An example of Google analytics' visitor information

You can use this to make better, more informed marketing decisions. You can see from the above that 47% of users coming through to the Venn site are aged 25-34, with our second strongest segment being the 35-44 year olds. This makes sense, as our target audience is based on marketing managers, who will typically fall within this age bracket.

This information should influence your approach, even on a basic level. For example, we can base our tone of voice around 25-34 year olds, safe in the knowledge that they make up the majority of our audience. By using the additional insight features from Google we also can see what other sites our audience visit. This not only helps us to put together more complete profiles for our visitors, but allows us to engage with them at all-important micro-moments.

Affinity, In-Market Segments and other

That subheading may have you scratching your head, but bear with me! Google also provides information on the lifestyle choices (‘affinity category’) of the users who are coming through to your website.

Your audience isn’t always in ‘ready to buy’ mode so knowing what they like to do at their leisure means you can be creative in your targeting approach and build up content, partnerships or display campaigns that complement the lifestyle choices, rather than the direct sell.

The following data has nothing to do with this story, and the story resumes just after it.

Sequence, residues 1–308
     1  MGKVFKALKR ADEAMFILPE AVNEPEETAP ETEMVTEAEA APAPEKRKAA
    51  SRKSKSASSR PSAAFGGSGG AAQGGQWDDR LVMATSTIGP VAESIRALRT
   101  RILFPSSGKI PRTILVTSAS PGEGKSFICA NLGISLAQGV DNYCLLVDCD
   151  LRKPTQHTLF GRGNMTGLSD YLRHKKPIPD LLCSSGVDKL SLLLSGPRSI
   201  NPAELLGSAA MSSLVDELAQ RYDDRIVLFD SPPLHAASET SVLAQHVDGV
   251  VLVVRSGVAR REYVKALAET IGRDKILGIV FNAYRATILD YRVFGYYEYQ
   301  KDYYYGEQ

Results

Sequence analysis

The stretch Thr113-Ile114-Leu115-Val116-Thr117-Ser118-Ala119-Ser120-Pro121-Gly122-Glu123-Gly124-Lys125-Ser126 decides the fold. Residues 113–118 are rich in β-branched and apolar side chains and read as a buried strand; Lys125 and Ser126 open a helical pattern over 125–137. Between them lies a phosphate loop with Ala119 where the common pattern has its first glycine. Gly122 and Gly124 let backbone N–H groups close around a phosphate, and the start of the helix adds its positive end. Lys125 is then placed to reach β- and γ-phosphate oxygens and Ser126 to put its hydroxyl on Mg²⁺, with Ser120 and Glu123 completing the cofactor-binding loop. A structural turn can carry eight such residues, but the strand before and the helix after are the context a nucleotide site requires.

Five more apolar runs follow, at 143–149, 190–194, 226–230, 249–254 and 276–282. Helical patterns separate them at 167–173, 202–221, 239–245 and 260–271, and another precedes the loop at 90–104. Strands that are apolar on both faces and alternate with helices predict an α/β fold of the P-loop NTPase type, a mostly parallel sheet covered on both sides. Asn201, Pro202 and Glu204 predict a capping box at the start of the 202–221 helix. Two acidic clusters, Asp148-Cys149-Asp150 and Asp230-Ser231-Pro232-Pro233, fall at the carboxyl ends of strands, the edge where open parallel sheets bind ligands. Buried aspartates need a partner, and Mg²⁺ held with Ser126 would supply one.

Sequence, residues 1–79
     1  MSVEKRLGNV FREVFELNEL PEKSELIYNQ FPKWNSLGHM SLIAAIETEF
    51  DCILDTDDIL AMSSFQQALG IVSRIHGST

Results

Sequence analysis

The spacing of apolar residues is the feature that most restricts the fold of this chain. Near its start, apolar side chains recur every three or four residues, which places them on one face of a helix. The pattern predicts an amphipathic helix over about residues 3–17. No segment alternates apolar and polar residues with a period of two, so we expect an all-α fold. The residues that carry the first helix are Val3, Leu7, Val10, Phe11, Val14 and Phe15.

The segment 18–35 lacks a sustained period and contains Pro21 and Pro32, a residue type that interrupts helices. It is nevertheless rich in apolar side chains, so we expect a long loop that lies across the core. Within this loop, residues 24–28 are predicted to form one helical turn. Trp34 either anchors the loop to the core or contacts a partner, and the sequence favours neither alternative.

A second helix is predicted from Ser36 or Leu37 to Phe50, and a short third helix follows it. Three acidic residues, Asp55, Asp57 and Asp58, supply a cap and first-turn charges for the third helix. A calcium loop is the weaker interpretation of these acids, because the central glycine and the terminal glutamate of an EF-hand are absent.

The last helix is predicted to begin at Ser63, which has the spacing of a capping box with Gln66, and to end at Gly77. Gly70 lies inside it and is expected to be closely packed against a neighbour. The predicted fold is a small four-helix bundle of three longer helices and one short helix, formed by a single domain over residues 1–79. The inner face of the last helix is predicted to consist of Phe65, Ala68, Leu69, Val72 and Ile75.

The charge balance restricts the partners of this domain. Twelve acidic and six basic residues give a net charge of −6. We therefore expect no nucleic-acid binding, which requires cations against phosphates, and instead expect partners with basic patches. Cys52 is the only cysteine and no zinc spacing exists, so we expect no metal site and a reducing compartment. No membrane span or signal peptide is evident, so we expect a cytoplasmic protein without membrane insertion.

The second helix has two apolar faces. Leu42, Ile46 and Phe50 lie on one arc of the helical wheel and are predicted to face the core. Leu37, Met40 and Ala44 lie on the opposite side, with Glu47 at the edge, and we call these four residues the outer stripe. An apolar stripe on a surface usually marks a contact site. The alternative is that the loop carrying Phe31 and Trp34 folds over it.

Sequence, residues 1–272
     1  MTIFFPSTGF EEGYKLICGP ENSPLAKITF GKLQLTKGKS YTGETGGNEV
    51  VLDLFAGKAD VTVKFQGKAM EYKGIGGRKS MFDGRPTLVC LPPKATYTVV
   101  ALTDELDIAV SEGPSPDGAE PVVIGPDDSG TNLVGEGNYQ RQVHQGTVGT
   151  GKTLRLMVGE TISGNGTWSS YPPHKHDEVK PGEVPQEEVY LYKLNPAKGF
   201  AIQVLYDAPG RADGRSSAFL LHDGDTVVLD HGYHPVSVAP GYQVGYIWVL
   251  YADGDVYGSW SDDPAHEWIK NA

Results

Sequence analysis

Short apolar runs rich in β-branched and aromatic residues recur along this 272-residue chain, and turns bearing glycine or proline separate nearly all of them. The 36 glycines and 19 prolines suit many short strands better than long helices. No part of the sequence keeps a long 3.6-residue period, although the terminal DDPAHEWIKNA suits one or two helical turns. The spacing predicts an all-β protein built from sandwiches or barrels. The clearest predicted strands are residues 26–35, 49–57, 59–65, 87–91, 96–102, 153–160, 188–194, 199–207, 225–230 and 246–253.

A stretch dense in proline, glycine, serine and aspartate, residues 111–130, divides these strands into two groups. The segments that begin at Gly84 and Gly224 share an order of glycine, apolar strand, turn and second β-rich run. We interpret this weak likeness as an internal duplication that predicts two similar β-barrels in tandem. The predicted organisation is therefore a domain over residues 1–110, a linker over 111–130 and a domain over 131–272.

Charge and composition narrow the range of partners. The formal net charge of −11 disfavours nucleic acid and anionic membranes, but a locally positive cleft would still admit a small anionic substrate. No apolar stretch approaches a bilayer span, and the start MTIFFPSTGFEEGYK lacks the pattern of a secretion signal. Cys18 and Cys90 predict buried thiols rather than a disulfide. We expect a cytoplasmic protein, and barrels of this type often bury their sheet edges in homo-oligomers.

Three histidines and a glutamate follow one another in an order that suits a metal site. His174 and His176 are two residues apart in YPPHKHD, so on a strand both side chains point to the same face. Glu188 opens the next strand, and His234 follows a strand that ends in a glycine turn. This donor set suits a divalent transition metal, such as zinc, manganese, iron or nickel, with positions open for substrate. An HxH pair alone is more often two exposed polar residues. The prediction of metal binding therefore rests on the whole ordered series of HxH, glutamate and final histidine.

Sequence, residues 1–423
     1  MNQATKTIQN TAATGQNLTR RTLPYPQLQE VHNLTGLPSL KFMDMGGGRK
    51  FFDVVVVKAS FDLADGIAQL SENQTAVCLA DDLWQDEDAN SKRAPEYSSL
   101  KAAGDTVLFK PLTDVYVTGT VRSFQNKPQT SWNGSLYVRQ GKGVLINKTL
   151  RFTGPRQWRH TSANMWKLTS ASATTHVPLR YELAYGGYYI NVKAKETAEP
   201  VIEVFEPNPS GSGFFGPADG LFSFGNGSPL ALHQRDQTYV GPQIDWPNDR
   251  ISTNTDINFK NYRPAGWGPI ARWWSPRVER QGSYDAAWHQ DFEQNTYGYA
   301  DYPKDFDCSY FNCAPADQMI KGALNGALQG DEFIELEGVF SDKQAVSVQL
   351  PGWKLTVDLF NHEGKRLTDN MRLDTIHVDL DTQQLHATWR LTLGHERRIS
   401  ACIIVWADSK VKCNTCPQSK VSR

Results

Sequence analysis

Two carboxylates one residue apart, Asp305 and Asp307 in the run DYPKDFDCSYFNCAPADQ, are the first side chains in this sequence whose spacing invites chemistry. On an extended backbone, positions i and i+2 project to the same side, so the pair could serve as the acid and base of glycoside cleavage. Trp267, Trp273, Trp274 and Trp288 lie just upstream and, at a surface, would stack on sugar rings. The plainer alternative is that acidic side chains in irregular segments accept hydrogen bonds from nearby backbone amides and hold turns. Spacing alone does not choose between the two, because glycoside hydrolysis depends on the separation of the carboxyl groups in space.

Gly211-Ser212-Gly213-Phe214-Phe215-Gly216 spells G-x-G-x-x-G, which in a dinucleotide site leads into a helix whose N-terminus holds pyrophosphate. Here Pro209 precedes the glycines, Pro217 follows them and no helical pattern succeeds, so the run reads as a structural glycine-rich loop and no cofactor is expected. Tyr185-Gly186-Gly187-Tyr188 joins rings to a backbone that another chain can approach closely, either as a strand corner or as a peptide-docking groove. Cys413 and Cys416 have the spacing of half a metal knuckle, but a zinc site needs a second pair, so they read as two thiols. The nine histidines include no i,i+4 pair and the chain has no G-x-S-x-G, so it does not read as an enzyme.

An example of Google Affinity's categories

As well as demonstrating lifestyle choices, Google also looks at ‘In-Market Segments’, or purchase interests. Knowing your audience’s purchasing patterns allows you to target them while they are actively reviewing, researching or comparing your products. At this stage in the user journey the intent is high, making it a perfect point for a display targeting campaign across relevant sites or YouTube.  

An example of In-Market Segments

We now know our users’ lifestyle choices and what they like to buy but ‘sports’ in the affinity category doesn’t tell us an awful lot about the specifics. This is where ‘other’ comes in. ‘Other’ breaks down the specifics of the affinity category so we know that if they like sports, it’s particularly ‘football’ they like. Again, this allows us to be super targeted in our approach, eliminating any wasted time or budget by making sure we’re engaging with the right people.